He copied CTRL_ALT_DELETE to a thumb drive, deleted it from his computer drive, logged off, and logged back on as his whippersnapper replacement. Everyone in the department was lax about passwords, and Dr. Loretta Abalone flaunted her disdain for password security by displaying a picture of her pet on her office wall; the feline was named Cupcake Cat. A few spins around her networked drive and Dent’s password decryptor returned: CupcakeCat7777. Dent chuckled inwardly: if the software could have rolled its eyes at the amateurishness of her password choice, it would have done so, complete with a healthy dose of bored disdain.
He ignored her inbox. He skimmed a few of her email folders and found the smoking gun: the “ToppleDent” folder. There’d be no profit in reading any of the stored emails. That, he was sure, would only cause his emotional wounds to rip open and begin bleeding again. No, best to execute the matter at hand.
He clicked on the COMPOSE EMAIL icon and put Rubinsky’s email address in the TO field. He typed the address carefully. He had no quarrel with Dr. Brianna Rubinstein in the English Lit Department or Dr. Branson Robins in Kinesiology.
Thank you for your trust in me these last few months. ToppleDent has been completed. Dr. Fulbright cleaned out his office yesterday, and I expect that he has honored his last professional responsibilities and left his ID badge, phone, and keys inside his locked office. The Security Team and I will retrieve these on Monday morning. Now that he is out the door, I can complete our plan to purge the department of those of a more—shall we call it—“mature” age. I’ll meet you Saturday night at 8:30 at Table 75, and then we can head across the street to the Tudor Hotel for our usual fun… can’t wait.
Dent fired up CTRL_ALT_DELETE from the thumb drive. He embedded it in the mail transfer protocol. The mail transfer agent would notice nothing amiss and deliver the message to Rubinsky’s inbox, bypassing the “suspected spam” folder where attachments went to be scrubbed. He proofread his handiwork once, added a few typos—he smiled at the eventual tiny embarrassment that would accrue at no extra charge—and added a time delay for the email to be sent shortly after Friday’s workday began. He shut down Loretta’s Outlook, ejected his thumb drive, logged off, and powered down his PC.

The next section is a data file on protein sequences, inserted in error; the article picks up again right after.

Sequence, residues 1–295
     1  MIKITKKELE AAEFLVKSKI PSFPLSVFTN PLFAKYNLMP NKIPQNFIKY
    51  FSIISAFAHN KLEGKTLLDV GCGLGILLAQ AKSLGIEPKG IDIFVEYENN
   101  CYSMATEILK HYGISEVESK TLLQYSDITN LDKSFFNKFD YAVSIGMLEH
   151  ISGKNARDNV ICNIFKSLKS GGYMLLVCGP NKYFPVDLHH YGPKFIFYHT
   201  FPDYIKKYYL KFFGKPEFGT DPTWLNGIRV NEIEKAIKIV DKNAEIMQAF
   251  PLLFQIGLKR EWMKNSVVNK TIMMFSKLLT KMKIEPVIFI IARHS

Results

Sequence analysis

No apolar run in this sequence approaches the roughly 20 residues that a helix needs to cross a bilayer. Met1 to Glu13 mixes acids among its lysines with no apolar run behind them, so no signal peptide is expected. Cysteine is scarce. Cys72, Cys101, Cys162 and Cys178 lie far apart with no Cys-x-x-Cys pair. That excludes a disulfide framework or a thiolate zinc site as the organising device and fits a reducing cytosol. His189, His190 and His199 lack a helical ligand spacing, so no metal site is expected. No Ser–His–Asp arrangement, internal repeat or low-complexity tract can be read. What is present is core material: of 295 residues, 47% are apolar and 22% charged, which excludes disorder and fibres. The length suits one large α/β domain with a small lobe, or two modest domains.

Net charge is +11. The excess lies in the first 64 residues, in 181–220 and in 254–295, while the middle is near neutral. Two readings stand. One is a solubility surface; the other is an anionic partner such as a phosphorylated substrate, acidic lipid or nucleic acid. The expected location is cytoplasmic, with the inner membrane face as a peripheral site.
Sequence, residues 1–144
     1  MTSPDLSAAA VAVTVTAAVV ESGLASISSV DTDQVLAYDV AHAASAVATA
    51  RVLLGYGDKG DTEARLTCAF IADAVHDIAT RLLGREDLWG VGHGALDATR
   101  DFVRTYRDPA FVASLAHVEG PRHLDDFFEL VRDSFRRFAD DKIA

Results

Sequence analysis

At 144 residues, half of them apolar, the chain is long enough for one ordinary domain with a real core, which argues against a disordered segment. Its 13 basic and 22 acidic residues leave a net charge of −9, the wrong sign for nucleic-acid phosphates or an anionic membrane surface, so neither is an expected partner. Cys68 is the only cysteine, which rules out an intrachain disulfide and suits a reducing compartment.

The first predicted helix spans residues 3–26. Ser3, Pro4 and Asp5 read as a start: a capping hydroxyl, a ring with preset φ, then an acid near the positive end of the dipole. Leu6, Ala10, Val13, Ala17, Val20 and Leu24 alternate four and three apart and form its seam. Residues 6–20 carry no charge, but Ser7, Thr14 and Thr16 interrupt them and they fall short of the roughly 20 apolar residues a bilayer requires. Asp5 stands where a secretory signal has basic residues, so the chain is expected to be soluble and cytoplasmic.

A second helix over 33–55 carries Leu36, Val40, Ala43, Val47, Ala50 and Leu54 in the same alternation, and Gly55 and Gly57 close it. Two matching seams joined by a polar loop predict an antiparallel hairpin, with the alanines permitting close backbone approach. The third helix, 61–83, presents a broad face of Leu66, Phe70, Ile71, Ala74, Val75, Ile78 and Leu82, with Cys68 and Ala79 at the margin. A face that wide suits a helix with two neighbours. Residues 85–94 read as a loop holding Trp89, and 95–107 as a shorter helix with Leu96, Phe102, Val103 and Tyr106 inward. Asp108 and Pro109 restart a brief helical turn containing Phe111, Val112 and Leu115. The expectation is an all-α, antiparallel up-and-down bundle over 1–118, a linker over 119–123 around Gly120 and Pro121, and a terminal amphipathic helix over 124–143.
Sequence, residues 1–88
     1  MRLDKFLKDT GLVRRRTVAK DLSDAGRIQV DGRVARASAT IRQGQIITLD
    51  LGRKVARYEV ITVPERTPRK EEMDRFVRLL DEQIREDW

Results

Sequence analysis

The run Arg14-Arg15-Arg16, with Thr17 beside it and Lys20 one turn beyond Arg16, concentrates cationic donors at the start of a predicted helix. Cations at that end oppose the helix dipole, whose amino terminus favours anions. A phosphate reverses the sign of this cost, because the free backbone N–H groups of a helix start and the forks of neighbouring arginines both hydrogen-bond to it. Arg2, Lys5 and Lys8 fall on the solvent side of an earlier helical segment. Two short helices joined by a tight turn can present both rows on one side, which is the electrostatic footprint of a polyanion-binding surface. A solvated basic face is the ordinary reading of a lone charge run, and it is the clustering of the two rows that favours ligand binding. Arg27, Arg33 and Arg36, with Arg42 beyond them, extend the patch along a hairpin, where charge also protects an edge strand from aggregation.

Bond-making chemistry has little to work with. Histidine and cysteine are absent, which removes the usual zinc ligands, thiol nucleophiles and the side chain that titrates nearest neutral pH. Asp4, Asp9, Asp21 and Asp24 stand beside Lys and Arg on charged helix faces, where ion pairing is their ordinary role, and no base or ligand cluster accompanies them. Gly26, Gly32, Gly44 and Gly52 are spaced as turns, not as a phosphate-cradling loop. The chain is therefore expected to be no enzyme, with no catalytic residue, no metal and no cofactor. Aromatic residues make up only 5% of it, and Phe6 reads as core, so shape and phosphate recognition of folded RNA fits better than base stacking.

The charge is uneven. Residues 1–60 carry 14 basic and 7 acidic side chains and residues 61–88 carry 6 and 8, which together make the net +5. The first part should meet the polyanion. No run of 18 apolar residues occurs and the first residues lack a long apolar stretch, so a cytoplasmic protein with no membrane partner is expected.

He placed his things on his desk and left his office for the final time.
Early the following week, Dent was luxuriating in his newfound, unhurried morning routine. He contemplated a second cup of coffee but decided first to visit the university website. He had been allowed to retire in good standing and was still able to log into the Physics Institute’s portion of the university intranet. The headlines in the newsletter filled him with a deep satisfaction.
Physics Chair, Dr. Bartholomew Rubinsky, found dead in his office; suffered sudden cardiac arrest
The story reported: An autopsy was performed. The pathology report concluded the cause of death to be cardiac dysrhythmia, a sudden and catastrophic disruption of the electrophysiology of the heart. Dr. Rubinsky was found slumped over his computer terminal by his secretary last Friday morning, the victim of an apparent unfortunate electrical short circuit delivered through his still-smoking keyboard.
The story continued…
Unrelated to the unfortunate demise of Dr. Rubinsky, the email he had been reading at the time of his death has led to an investigation of Dr. Loretta Abalone, who has been chair of the Electrophysiology Department within Dr. Rubinsky’s Physics Institute for less than a year. A University spokesperson would not comment further beyond saying, “The University takes allegations of age discrimination very seriously.”
Dent got up from his desk and moved toward the kitchen. He opted against more coffee and started to gather the makings for a pitcher of mimosas. He asked Alexa to open his “Party Music” playlist.
“Turn volume up,” he ordered.